Testing Aggressiveness of Prostate Cancer Improves Quality of Life, Study Finds

Researchers working with the Fred Hutchinson Cancer Research Center have found that the Metamark Promark prostate cancer test increases the quality-­adjusted life­-years and decreases healthcare costs for patients who are being screened for prostate cancer. In a paper published in October 2015 in T he Oncologist, the researchers showcased their findings.

According to the study, adding Promark to the existing National Comprehensive Cancer Network (NCCN) treatment guidelines for prostate cancer increased quality-­adjusted life­-years (QALY) by .04. The study also found a $730 drop in lifetime treatment costs. Interestingly, overall life-­years, not QALY, dropped slightly by adding the test to the NCCN treatment guidelines.

Focusing on quality of life improvements is important because prostate cancer is often over-treated. Patients who have the very common Gleason 6 prostate “cancer” have a disease which lacks the hallmarks of cancer and these patients should not be treated like those who have high­-grade prostate cancer. The Promark test appears to provide doctors a way to distinguish between low­ and high­-risk patients, so those who need treatment can get it, while those who do not can continue to enjoy their quality of life.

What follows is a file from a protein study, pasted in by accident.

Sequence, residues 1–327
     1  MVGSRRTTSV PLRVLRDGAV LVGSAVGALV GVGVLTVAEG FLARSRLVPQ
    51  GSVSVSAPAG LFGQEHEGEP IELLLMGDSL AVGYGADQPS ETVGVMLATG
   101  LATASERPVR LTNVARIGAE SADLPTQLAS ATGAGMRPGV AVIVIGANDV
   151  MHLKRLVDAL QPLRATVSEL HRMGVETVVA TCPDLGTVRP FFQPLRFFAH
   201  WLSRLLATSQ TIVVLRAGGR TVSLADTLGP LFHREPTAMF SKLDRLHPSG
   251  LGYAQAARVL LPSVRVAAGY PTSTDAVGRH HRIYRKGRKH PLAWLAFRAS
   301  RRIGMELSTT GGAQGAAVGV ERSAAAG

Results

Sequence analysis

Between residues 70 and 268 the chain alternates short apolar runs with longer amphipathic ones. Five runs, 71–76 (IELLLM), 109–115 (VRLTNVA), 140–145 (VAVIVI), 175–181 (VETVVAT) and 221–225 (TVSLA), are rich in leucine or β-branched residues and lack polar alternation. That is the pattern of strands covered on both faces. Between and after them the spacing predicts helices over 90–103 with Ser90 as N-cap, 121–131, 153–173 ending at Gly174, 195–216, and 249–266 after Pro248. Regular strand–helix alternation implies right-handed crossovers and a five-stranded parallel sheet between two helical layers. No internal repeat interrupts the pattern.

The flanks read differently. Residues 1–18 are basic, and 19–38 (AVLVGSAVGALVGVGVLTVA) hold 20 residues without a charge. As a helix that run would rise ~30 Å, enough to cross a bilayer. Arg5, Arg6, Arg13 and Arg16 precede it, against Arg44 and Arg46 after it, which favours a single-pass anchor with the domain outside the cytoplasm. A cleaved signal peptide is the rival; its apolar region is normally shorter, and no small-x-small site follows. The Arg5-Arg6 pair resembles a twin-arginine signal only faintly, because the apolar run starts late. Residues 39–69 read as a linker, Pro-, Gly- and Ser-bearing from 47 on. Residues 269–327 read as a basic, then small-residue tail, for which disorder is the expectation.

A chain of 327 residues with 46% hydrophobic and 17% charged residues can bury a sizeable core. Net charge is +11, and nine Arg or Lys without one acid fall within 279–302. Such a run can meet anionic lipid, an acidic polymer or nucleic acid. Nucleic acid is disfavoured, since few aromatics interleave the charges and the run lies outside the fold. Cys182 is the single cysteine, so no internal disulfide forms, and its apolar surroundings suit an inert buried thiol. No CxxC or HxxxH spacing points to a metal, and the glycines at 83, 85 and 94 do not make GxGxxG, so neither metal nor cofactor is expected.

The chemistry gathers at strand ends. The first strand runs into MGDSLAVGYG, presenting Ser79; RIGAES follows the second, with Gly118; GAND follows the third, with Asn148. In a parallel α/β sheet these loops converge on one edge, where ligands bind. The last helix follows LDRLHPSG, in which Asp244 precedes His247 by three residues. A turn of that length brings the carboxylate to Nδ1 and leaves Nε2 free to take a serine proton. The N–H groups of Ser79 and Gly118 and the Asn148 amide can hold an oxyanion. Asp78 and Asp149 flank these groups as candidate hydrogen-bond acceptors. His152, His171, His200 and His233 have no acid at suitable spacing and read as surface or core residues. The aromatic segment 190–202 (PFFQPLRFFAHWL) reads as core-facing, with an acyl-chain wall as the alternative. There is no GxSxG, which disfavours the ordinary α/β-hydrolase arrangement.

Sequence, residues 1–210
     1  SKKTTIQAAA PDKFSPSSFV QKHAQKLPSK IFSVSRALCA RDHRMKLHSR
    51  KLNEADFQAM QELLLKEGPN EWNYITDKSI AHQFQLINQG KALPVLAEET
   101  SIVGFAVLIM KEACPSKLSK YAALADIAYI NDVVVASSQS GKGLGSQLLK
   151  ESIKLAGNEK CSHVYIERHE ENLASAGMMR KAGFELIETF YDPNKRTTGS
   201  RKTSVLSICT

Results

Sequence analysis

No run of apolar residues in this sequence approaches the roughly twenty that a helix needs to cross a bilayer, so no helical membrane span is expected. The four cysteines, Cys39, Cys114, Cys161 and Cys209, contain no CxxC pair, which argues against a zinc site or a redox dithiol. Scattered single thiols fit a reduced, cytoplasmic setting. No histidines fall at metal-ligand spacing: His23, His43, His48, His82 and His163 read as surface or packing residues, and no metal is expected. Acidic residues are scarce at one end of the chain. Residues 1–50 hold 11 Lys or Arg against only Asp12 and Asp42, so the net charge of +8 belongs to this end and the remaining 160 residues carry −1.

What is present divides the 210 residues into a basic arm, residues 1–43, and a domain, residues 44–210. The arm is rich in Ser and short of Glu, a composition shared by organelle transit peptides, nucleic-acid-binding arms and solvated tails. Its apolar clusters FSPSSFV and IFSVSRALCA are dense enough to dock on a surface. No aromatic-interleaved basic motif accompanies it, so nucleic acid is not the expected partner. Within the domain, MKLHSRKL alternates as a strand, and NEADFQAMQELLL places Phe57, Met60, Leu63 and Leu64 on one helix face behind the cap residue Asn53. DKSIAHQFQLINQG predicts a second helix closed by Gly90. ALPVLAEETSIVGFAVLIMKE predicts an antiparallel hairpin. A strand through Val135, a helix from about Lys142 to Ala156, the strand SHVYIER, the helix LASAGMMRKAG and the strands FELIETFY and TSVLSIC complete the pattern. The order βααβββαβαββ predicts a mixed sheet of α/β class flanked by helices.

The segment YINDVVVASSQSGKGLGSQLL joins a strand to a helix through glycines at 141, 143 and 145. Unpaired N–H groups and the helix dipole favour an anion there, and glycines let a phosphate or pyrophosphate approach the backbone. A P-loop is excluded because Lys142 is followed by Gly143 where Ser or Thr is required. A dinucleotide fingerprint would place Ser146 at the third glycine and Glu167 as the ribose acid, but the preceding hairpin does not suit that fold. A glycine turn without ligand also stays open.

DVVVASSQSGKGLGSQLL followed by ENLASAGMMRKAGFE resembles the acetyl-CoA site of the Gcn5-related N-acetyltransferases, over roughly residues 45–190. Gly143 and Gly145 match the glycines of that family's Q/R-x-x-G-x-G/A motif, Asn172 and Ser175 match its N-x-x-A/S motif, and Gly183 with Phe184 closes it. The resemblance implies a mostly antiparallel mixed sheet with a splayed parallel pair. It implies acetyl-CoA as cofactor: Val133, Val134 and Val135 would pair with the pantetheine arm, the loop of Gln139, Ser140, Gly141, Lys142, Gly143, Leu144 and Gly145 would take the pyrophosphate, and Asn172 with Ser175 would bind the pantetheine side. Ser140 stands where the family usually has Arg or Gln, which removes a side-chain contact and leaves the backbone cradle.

In the United States, only about one out of every seven men diagnosed with prostate cancer will see his disease progress to the point that it is life-­threatening. This event occurs only in those who have high­-grade cancer. Yet, close to 90 percent of men with Gleason 6 prostate “cancer” will undergo unnecessary invasive treatment like the robotic prostatectomy. While more doctors are embracing an active surveillance approach for the common Gleason 6 “cancer”, over treatment (unnecessary treatment) is still common.

In the past, doctors had to rely solely on the pathologists’ determination as to whether a man had a high­-grade prostate cancer or not. Biomarker tests like the Promark may allow doctors to distinguish better, potentially lethal prostate cancers from those which are not.

Posted in: Mens Health, Prostate Cancer News

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